University at Buffalo

UB Undergraduate Academic Schedule: Spring 2018


  • This information is updated nightly. Additional information about this course, including real-time course data, prerequisite and corequisite information, is available to current students via the HUB Student Center, which is accessible via MyUB. Information about HUB can be found at www.buffalo.edu/hub


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    DMS 201LEC - Green Media
    Lecture
    Green Media ANS Enrollment Information (not real time - data refreshed nightly)
    Class #:   23524   Enrollment Capacity:   50
    Section:   ANS   Enrollment Total:   40
    Credits:   3.00 credits   Seats Available:   10
    Dates:   01/29/2018 - 05/11/2018   Status:   OPEN WITH RESERVES
    Days, Time:   M W , 12:00 PM - 1:20 PM
    Room:   Cfa 112 view map
    Location:   North Campus      
    Reserve Capacities
    Description Enrollment Capacity Enrollment Total  
    Media Study: Seats Reserved 10 10  
    Force Reg: Seats Reserved 10 0  
    Comments
    Green Media 201 Contemporary media constructs our understanding of nature and reflects our fears and fantasies about rapidly changing environmental conditions. My Green Media courses analyze projects, (fictional & fact-based) that investigate our relationship to climate change, pollution, environmental justice, wildlife extinction. The courses interpret the word media broadly to include film, games, social media, media-art, big data visualization, simulation and sensing. They look at eco-media issues that unpack questions of the consciousness-raising power of media; material perspectives that trace the physical impact of our media obsessions; biopolitical questions of human/non-human boundaries; and affect-theory-driven examinations of eco- optimism, pessimism, gaia-ism, nihilism. As the anthropocene draws on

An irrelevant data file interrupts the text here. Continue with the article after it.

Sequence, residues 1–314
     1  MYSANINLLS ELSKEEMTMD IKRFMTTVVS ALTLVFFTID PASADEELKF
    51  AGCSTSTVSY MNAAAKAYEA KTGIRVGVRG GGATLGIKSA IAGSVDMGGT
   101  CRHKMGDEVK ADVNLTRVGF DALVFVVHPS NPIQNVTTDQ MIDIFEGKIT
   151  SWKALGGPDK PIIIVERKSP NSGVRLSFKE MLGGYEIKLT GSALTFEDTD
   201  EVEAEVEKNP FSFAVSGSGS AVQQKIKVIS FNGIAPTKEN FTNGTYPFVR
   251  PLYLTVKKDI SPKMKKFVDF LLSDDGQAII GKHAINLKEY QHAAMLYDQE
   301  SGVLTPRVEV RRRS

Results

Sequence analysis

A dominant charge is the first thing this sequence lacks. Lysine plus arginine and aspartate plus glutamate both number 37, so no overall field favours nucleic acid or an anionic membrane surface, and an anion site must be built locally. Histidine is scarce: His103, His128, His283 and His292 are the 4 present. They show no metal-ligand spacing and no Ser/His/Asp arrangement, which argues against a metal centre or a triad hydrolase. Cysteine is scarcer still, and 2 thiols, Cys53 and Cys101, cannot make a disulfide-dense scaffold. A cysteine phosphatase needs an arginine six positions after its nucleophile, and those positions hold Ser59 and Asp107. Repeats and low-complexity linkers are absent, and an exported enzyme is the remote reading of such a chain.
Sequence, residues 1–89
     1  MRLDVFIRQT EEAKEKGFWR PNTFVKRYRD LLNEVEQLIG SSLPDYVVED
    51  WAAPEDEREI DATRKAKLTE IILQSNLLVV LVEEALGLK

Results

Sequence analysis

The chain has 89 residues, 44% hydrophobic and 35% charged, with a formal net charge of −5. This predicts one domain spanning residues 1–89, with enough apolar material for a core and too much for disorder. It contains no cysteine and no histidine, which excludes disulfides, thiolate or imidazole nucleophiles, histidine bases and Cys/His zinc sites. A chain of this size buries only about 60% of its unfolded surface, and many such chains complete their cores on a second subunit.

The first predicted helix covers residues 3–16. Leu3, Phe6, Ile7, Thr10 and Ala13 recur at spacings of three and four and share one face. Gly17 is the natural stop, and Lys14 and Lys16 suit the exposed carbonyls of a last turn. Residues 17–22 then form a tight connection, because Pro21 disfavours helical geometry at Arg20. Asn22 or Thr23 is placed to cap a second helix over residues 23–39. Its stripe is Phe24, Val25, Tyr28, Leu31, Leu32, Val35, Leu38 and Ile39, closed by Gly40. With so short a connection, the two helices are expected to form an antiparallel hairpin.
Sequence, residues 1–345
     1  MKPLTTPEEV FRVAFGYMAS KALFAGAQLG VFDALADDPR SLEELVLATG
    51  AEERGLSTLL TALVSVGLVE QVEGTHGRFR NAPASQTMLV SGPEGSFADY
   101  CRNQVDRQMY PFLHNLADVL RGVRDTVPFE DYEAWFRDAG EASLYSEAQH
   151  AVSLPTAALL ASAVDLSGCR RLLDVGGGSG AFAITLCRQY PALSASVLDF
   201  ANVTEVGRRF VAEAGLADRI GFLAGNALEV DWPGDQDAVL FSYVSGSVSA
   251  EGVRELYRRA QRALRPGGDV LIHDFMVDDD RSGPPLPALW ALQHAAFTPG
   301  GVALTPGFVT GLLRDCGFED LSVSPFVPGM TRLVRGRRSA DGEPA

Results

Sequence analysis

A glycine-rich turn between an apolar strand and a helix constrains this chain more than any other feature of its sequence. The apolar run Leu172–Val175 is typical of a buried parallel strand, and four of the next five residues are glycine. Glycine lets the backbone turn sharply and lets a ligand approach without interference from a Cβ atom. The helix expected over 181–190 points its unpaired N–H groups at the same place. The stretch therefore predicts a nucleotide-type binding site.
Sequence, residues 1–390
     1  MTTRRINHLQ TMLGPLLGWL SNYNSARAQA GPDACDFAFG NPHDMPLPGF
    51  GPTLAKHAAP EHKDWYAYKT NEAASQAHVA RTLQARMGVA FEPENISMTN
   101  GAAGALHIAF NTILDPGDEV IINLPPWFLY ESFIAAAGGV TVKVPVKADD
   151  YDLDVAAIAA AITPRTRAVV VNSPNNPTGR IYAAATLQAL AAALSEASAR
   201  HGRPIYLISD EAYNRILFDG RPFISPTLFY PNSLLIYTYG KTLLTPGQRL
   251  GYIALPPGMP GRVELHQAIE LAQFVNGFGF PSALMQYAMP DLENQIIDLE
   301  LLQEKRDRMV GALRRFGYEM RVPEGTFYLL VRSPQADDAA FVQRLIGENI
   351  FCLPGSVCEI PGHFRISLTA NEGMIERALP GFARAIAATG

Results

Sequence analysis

Course Description
    Polar bears pacing frantically on melting ice; SUVs gloriously conquering mountain terrain; post-civilization humans struggling for survival on a devastated earth: contemporary media reflects our fears and fantasies about our rapidly changing environment. This course analyzes fictional and documentary media that investigate our relationship to nature: climate change, pollution, environmental justice, wildlife extinction. The course interprets the word media broadly to include film, games, social media, media-art, big data visualization, simulation and sensing. It examines the consciousness-raising power of film, media and journalism; traces the ecological impact of our obsession with the latest media device; and ponders the relationship between our feelings about our changing planet (denial, engagement, optimism, hopelessness) and our actions.
      Instructor(s)
                 Anstey, J R look up    
                 Vaubel, S L look up    
      On-line Resources
    Other Courses Taught By: Anstey, J R